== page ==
When I was younger, an hour of screen time meant we all huddled around the one television located in our living room to watch a show that our parents wanted to watch. Nowadays, the “one” television is usually located in every room either by way of a flat screen or other portable device. As a society, we can receive television, internet, and movies on demand by the click of an application or a button. As an educator, I often ask myself how much technology is beneficial and required to engage my students here at Brookridge Day School. Does technology always have to be at my fingertips to thoroughly guide my teaching abilities?
I can remember back to when I started teaching and an overhead projector was my guide to highlight a new idea and to enlighten the students. In fact, I used the overhead projector on review days and comically used a gameshow tune as I turned it on to allow the kids to know I was ready to play.
Now I find myself in a classroom with a flat screen television, laptop computer, an IPOD, and two touch screen computers. However, with all of these technology advancements, there are still surrounding school districts with new grants and public funds to “grab” new and existing students by placing a tablet in the hands of every student. While having access to technology is part of the home, school, and community; how much technology does one child need? Here are some common thoughts when considering technology in the classroom.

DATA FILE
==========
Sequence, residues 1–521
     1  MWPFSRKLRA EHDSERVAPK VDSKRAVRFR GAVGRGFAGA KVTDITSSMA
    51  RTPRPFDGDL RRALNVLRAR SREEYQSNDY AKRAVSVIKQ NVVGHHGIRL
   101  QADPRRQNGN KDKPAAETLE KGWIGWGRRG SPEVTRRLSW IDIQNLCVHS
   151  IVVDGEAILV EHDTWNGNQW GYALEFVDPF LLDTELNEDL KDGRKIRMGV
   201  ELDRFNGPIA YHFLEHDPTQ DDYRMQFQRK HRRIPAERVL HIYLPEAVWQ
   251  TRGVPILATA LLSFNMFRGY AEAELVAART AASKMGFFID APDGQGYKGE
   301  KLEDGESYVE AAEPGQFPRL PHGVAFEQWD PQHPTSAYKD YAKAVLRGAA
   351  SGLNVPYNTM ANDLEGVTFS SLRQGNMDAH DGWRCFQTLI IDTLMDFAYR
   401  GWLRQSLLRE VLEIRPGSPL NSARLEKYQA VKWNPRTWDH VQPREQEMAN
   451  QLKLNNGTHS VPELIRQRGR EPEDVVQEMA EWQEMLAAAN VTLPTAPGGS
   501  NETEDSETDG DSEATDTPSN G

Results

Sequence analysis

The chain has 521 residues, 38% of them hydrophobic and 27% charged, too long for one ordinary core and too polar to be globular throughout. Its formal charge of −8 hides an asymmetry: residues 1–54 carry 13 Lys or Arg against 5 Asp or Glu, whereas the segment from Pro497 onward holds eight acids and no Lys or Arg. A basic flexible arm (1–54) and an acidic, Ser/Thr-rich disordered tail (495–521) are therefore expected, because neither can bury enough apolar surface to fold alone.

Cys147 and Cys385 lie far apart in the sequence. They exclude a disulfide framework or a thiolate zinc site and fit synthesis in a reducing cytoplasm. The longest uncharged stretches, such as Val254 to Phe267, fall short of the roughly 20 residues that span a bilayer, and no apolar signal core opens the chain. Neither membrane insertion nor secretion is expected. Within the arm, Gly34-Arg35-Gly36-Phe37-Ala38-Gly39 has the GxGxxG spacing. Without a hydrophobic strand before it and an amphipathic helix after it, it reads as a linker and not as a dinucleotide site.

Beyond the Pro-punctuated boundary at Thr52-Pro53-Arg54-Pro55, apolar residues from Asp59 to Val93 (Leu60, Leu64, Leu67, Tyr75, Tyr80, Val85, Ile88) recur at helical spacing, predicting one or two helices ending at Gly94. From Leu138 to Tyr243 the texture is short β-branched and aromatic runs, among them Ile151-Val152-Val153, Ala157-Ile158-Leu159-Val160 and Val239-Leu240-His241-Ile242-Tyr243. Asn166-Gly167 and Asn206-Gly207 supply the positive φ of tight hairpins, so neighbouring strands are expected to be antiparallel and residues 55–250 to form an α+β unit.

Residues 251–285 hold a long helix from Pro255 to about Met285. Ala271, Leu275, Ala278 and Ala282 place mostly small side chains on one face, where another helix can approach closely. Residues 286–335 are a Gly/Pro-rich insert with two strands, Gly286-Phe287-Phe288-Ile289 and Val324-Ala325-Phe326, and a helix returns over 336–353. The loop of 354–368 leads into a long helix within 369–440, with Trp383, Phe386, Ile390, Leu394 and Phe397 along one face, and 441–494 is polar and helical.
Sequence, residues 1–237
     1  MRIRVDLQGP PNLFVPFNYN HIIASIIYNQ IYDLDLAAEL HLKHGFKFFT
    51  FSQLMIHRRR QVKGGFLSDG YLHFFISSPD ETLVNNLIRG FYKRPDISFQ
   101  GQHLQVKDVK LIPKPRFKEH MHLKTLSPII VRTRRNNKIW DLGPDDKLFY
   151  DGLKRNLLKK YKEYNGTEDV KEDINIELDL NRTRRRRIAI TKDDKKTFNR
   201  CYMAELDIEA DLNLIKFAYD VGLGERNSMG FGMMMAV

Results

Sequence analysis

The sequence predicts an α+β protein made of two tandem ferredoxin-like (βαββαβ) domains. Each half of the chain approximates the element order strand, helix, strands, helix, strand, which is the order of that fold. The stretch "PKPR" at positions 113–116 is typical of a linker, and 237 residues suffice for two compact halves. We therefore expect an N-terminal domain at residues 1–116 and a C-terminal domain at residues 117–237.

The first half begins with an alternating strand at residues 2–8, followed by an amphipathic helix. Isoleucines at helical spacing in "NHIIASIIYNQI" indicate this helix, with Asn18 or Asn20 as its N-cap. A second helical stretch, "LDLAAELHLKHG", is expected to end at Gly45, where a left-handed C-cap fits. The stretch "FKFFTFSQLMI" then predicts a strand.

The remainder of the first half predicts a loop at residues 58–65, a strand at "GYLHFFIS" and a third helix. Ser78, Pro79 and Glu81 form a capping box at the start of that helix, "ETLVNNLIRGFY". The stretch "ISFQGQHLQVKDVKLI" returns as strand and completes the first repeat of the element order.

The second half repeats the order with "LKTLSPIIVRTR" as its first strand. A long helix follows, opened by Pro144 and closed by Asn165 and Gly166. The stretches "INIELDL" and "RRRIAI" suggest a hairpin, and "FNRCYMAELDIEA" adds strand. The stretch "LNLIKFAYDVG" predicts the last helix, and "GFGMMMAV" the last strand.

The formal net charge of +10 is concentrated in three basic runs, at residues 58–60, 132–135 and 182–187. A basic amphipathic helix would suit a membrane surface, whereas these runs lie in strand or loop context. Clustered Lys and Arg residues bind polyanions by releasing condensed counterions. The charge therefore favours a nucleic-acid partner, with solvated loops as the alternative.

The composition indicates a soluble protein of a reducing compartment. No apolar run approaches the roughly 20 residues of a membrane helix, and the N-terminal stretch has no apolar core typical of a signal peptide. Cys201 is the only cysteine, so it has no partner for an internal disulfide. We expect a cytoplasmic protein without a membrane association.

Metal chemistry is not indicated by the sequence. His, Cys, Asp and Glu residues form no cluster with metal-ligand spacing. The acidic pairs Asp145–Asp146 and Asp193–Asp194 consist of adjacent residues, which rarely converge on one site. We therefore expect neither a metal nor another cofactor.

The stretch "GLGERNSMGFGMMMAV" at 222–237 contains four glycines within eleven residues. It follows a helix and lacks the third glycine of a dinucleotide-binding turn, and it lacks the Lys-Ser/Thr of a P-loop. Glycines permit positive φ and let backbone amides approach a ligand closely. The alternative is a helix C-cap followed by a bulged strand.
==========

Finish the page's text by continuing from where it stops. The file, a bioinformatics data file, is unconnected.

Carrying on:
- Technology must be used to deepen an understanding and authenticate the curriculum.
- Technology can be learned by children just like anything else, on their own time and pace.
- Professional judgement should be used to ensure the technology content is culturally and linguistically appropriate.
- Modeling the use of technology is necessary to support learning experiences. This doesn’t mean the students have to participate. It can be as simple as showing them how to communicate through the use of an email.
www.naeyc.org (meaningful connections)
*image courtesy of Brad Flickinger / flickr creative commons